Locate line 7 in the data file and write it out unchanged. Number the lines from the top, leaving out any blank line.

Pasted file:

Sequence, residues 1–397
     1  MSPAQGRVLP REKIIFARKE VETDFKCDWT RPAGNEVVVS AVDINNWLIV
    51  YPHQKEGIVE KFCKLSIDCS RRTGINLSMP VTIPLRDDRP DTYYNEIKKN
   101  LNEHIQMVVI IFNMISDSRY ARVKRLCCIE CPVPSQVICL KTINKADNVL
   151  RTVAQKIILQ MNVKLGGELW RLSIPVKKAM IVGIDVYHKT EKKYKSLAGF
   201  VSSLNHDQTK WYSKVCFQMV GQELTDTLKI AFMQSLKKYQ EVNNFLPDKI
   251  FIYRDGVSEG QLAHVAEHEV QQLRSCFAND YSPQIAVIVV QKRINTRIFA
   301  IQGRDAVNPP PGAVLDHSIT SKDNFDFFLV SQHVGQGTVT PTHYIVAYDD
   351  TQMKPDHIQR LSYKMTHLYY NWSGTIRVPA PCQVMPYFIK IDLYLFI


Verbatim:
   251  FIYRDGVSEG QLAHVAEHEV QQLRSCFAND YSPQIAVIVV QKRINTRIFA